Will It Ever Be Enough??

I’m really good at playing the Thanksgiving game.


“What are you thankful for?”
God, family, friends, health, education…
*10 minutes later*
Making my Christmas list, complaining that the wifi is slow, asking if we seriously ran out of milk. 

Wow. We laugh it off by calling them “first world problems” and attempting to justify our lack of thankfulness. But changing how we label it doesn’t change what it is.



I like the idea and thought behind Thanksgiving. I’ve written posts in the past about thankfulness and choosing to have joy which I still completely agree with. But a fault I’ve started recognizing in myself is that I tend to convince myself I’m “being thankful” when in actuality, my heart is far from it.

“In any and all circumstances I have learned the secret of being content. Whether well fed or hungry, whether in abundance or in need.” — Philippians 4:12 (HCSB)

Contentment. Joyful contentment. I think that’s the key. Not just being thankful for what we have, but letting that be enough. Not pining after or basing our happiness on what is next, on what will satisfy our earthly longings for one more day. But rather digging wholeheartedly into our Savior who is more than enough for us.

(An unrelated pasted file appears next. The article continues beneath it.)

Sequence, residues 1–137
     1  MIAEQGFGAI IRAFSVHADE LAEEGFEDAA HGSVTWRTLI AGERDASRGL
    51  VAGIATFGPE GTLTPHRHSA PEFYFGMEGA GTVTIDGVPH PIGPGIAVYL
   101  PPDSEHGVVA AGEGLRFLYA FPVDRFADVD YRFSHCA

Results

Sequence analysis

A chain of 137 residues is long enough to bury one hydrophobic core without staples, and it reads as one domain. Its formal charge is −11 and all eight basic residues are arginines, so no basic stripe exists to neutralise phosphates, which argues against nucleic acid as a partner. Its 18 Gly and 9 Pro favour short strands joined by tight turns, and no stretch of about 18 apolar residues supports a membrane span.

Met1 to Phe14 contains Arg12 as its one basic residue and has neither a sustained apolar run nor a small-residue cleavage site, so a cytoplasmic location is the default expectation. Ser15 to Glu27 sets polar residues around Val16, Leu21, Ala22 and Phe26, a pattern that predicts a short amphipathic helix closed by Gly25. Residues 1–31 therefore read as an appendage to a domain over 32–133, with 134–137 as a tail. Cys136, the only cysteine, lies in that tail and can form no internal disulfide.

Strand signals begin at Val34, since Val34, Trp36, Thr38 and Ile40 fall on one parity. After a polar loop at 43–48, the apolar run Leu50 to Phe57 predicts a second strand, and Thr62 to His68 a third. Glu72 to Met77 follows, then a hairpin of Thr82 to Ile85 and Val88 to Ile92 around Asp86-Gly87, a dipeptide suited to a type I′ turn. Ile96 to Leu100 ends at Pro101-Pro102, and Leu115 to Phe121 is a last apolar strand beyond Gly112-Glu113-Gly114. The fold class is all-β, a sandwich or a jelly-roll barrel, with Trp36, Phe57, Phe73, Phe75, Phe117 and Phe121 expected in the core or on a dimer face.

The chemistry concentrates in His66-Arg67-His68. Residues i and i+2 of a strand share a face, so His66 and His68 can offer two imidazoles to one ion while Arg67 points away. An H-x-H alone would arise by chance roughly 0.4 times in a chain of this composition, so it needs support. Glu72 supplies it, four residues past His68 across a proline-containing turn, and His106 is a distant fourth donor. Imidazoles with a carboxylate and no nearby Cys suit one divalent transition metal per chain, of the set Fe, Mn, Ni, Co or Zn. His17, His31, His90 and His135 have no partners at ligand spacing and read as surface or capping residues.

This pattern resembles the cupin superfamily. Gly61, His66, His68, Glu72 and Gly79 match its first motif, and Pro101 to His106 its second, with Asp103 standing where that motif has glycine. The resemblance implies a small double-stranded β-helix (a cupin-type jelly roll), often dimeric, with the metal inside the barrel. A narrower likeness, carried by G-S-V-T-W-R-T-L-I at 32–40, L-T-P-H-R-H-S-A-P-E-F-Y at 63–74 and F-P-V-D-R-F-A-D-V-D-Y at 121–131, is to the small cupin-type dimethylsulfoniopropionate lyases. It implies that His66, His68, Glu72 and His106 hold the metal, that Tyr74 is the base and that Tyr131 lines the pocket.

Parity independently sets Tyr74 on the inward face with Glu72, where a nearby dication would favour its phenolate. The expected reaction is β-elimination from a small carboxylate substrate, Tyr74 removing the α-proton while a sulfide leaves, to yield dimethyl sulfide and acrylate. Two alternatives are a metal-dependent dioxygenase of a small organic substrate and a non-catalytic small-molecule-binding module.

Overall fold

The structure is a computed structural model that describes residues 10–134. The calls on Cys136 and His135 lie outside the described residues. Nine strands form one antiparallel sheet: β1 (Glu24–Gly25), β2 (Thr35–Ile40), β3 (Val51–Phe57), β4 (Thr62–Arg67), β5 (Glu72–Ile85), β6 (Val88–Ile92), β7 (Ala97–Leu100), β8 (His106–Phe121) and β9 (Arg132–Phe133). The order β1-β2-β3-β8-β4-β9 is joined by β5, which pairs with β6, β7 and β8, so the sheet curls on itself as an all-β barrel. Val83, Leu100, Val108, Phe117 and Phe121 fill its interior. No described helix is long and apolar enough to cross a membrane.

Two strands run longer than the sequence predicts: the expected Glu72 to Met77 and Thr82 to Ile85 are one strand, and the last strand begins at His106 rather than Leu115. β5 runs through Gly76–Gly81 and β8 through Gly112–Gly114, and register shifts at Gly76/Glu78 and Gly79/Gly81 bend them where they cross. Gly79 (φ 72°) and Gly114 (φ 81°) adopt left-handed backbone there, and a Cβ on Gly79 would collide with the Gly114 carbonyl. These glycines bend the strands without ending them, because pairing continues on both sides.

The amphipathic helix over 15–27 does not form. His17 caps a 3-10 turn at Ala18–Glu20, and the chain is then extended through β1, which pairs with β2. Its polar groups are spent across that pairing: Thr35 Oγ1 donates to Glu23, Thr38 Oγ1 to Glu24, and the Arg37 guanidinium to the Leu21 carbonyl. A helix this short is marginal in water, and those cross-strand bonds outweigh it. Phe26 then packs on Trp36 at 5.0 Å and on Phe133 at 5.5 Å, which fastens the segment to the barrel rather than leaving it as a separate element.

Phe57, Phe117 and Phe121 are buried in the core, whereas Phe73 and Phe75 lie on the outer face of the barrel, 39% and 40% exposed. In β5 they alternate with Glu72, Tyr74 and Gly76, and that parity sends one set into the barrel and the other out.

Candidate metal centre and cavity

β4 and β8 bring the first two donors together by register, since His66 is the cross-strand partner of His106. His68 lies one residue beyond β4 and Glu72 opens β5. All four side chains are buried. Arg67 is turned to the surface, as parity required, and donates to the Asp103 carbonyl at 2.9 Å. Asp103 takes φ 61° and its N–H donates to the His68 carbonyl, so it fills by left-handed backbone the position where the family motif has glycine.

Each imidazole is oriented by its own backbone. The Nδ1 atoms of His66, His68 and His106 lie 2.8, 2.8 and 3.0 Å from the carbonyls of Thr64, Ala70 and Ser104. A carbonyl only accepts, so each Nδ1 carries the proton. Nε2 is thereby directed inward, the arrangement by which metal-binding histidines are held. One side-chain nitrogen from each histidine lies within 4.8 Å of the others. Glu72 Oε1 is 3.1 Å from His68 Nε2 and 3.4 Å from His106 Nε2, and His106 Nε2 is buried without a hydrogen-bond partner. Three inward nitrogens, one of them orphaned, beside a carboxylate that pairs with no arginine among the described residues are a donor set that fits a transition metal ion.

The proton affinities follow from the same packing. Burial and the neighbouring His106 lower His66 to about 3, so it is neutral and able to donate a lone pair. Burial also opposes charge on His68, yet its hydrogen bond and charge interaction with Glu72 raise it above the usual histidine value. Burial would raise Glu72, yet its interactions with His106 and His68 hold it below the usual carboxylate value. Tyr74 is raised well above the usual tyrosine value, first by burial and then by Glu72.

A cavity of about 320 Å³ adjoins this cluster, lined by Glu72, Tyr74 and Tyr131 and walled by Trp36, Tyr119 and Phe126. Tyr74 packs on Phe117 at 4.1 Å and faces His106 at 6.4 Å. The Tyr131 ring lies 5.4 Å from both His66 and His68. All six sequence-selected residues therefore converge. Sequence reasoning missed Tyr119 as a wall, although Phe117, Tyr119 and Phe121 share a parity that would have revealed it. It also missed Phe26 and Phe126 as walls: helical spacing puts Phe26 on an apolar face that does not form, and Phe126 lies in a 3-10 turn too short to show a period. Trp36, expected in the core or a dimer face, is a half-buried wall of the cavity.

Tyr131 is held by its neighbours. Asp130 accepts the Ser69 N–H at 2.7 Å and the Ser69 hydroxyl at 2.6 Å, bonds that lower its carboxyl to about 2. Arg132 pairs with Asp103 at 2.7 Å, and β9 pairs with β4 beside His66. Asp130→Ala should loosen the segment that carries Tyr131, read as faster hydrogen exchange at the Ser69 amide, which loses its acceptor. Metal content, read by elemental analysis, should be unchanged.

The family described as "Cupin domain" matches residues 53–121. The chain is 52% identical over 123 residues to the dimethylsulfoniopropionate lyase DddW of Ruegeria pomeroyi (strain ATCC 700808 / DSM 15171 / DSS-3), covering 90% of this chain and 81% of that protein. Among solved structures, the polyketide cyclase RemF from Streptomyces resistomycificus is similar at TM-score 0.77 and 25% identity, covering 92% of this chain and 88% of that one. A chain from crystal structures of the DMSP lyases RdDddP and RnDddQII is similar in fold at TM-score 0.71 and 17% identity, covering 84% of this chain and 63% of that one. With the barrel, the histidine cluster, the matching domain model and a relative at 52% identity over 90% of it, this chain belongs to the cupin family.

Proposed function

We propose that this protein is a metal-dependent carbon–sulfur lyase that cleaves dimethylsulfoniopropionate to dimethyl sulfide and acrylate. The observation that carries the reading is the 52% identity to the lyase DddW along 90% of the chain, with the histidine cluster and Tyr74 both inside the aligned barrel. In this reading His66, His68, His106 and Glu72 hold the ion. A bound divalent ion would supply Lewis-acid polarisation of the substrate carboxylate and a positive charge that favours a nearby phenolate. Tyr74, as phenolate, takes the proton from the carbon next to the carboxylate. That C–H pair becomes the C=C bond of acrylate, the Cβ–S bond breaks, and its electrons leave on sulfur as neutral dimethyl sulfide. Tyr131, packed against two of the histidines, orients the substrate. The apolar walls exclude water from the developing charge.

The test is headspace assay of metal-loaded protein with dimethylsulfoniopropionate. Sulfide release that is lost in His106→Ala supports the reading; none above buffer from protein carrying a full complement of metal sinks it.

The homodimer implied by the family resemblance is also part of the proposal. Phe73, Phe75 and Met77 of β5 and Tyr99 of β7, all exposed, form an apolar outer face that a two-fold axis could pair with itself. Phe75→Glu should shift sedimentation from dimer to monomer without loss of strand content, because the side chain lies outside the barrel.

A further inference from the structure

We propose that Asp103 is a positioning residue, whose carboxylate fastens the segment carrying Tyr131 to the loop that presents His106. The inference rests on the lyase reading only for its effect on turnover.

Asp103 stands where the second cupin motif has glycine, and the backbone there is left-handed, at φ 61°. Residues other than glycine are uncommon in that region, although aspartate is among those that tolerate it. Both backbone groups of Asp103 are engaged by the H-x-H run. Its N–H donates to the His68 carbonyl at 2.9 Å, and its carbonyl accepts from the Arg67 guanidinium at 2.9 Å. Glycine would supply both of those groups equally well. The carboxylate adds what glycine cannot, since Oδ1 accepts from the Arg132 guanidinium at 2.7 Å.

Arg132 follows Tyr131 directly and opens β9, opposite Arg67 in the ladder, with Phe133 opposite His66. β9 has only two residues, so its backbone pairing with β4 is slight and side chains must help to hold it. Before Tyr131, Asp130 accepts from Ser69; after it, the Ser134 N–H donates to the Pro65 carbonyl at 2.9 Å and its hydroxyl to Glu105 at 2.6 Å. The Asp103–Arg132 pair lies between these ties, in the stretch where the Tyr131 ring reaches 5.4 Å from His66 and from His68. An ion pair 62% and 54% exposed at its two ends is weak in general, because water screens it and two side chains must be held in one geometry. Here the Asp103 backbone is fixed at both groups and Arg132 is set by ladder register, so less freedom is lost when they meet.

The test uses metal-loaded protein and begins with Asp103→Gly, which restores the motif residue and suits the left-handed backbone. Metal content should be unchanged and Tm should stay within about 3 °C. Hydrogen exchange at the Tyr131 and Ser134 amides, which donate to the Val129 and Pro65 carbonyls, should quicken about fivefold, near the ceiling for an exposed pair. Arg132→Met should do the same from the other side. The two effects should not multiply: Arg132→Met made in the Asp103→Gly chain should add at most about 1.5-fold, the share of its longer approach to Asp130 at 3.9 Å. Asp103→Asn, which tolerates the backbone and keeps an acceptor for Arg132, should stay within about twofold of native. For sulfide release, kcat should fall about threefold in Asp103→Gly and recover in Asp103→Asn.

This world will never be enough.

All things are wearisome; man is unable to speak. The eye is not satisfied by seeing or the ear filled with hearing.” — Ecclesiastes 1:8 (HCSB)

I like to convince myself that I am being thankful, I can make my list of things I’m thankful for a mile long, and there isn’t anything wrong with that. Honestly, it helps my attitude a lot to think about things I am grateful for. But I have let it become a ritual an routine and the true joy and contentment that I am supposed to have in Christ has faded into extinction. I am often “thankful” because I am supposed to be, all the while taking for granted all that I have and all that God has blessed me with.

What kind of message is that sending to God and to this world?

God, You aren’t enough. You sent Your Son to be brutally killed for my sake even though I could never deserve it. You have gifted me with life and loving family and friends around me. BUT that’s not enough. I want more. I think I deserve more. Can’t you just make my life easy?

Wow. I would never verbalize it in that fashion, but is that not what I’m saying? I wouldn’t ever want to be that way. I wouldn’t ever want to be that selfish and shallow. And yet I am and I’m not even noticing it because I am still “being thankful”.

“And let the peace of the Messiah, to which you were also called in one body, control your hearts. Be thankful.” — Colossians 3:15 (HCSB)

As long as I keep living with fake gratitude, I will never think anything is enough. I will always feel entitlement and contempt. But God has already provided so much more than enough. His gifts, are more than I could ever need. His faithfulness is everlasting. I want to start living in recognition of that. I want to live in recognition of the fact that I do have enough, and I want to live consciously in awe and amazement of what my Savior did for me. Because that… is so much more than enough. And that’s what I’m thankful for this Thanksgiving.


— Taryn


Adventure Is Out There!

“Adventure is out there!”